Description: Testimony issued by the Government Accountability Office with an abstract that begins "In March 2008, GAO issued a report entitled Nanotechnology: Better Guidance Is Needed to Ensure Accurate Reporting of Federal Research Focused on Environmental, Health, and Safety Risks (GAO-08-402). In this report, GAO reviewed the National Nanotechnology Initiative (NNI), a multiagency effort administered by the Office of Science and Technology Policy (OSTP). The NNI coordinates the nanotechnology-related activities of 25 federal agencies that fund nanoscale research or have a stake in the results. A key research area funded by some agencies related to studying the potential environmental, health, and safety (EHS) risks that may result from exposure to nanoscale materials. For this testimony statement, GAO was asked to summarize the findings of its March 2008 report, focusing on (1) the extent to which selected agencies conducted EHS research in fiscal year 2006; (2) the reasonableness of the agencies' and the NNI's processes to identify and prioritize EHS research; and (3) the effectiveness of the agencies' and the NNI's process to coordinate EHS research."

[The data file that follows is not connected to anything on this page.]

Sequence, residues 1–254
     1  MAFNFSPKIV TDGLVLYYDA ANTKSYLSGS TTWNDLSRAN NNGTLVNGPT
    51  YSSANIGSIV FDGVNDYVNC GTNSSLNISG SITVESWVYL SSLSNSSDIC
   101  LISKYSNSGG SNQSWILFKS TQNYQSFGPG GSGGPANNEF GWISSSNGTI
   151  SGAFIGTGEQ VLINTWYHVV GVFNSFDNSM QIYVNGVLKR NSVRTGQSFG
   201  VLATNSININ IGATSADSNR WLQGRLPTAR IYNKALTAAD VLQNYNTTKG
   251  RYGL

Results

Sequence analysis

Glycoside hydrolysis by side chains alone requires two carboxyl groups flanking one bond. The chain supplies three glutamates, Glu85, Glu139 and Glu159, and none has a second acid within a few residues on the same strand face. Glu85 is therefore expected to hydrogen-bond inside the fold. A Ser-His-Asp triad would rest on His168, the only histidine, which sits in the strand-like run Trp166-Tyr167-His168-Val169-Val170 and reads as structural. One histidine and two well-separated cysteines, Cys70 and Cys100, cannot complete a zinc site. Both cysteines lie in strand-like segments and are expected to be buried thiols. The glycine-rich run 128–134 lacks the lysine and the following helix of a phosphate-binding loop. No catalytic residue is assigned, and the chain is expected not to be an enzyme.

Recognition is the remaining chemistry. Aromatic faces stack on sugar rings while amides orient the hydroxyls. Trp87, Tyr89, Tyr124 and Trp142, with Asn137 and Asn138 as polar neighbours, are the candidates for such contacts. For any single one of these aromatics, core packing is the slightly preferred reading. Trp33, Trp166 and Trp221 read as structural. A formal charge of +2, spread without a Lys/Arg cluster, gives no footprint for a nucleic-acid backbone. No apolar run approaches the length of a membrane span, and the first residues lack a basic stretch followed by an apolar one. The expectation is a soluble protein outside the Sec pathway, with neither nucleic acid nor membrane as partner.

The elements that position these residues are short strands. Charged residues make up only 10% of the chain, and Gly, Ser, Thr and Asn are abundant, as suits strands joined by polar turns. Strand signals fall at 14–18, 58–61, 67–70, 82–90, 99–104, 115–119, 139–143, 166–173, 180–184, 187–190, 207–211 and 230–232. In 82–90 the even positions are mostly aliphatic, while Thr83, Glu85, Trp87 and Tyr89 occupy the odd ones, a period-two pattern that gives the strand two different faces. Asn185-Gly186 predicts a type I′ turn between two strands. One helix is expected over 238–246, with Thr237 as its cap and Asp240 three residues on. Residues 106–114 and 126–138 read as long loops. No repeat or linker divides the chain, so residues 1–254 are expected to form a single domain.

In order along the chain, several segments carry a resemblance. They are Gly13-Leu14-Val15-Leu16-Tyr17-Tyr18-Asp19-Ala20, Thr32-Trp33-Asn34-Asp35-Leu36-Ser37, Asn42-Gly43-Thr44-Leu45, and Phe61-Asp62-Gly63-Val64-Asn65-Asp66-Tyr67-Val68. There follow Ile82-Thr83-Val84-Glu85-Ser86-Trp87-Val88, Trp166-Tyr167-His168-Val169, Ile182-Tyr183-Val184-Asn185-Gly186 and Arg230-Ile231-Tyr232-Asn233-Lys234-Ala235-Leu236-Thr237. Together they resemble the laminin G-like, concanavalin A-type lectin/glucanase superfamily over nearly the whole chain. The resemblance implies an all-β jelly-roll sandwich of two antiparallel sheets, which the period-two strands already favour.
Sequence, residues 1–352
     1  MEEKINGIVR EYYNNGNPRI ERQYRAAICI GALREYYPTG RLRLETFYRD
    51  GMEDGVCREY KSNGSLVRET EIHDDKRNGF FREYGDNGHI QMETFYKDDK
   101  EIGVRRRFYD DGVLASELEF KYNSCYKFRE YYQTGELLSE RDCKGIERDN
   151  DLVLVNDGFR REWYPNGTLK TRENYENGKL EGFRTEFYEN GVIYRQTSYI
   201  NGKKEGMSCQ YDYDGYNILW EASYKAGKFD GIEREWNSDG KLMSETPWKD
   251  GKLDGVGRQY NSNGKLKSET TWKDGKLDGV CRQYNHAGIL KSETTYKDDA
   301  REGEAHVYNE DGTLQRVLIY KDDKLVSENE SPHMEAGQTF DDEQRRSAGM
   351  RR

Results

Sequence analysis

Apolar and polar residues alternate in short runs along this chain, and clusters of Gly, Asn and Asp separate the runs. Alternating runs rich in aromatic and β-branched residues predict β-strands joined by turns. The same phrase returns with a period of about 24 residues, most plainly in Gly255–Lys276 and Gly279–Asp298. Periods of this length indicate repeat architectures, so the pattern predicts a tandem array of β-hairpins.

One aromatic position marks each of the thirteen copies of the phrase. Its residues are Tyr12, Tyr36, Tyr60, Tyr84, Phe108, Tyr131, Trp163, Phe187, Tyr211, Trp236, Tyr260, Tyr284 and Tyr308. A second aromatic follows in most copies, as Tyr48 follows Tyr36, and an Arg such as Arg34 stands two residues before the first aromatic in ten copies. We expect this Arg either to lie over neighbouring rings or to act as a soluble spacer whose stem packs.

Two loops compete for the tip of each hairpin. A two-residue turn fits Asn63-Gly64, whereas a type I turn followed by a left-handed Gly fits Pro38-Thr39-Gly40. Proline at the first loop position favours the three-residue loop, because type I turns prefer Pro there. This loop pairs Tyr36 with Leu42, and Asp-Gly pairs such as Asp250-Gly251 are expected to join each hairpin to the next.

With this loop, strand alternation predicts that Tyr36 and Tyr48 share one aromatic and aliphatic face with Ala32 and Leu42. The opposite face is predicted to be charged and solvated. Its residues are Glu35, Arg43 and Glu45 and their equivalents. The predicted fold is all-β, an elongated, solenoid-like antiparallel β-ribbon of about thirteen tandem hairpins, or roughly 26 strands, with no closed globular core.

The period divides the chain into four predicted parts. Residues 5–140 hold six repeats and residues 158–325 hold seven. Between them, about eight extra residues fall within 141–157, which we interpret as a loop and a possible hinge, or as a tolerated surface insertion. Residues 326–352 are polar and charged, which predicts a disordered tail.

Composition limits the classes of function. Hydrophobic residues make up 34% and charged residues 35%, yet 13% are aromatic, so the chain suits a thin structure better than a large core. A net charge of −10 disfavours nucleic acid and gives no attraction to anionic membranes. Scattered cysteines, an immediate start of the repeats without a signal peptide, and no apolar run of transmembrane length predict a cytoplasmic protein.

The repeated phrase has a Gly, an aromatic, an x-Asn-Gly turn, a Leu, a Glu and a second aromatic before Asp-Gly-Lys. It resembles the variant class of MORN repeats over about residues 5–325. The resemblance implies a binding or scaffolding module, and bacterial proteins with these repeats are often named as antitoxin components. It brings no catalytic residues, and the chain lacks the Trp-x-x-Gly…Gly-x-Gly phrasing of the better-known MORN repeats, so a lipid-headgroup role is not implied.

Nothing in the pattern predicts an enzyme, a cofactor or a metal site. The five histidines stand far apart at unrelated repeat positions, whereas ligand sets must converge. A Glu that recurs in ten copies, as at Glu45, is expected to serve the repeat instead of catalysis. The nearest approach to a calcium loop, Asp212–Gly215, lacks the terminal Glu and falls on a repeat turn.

Date: April 24, 2008
Creator: United States. Government Accountability Office.
Item Type: Text
Partner: UNT Libraries Government Documents Department

Nanotechnology: Improved Performance Information Needed for Environmental, Health, and Safety Research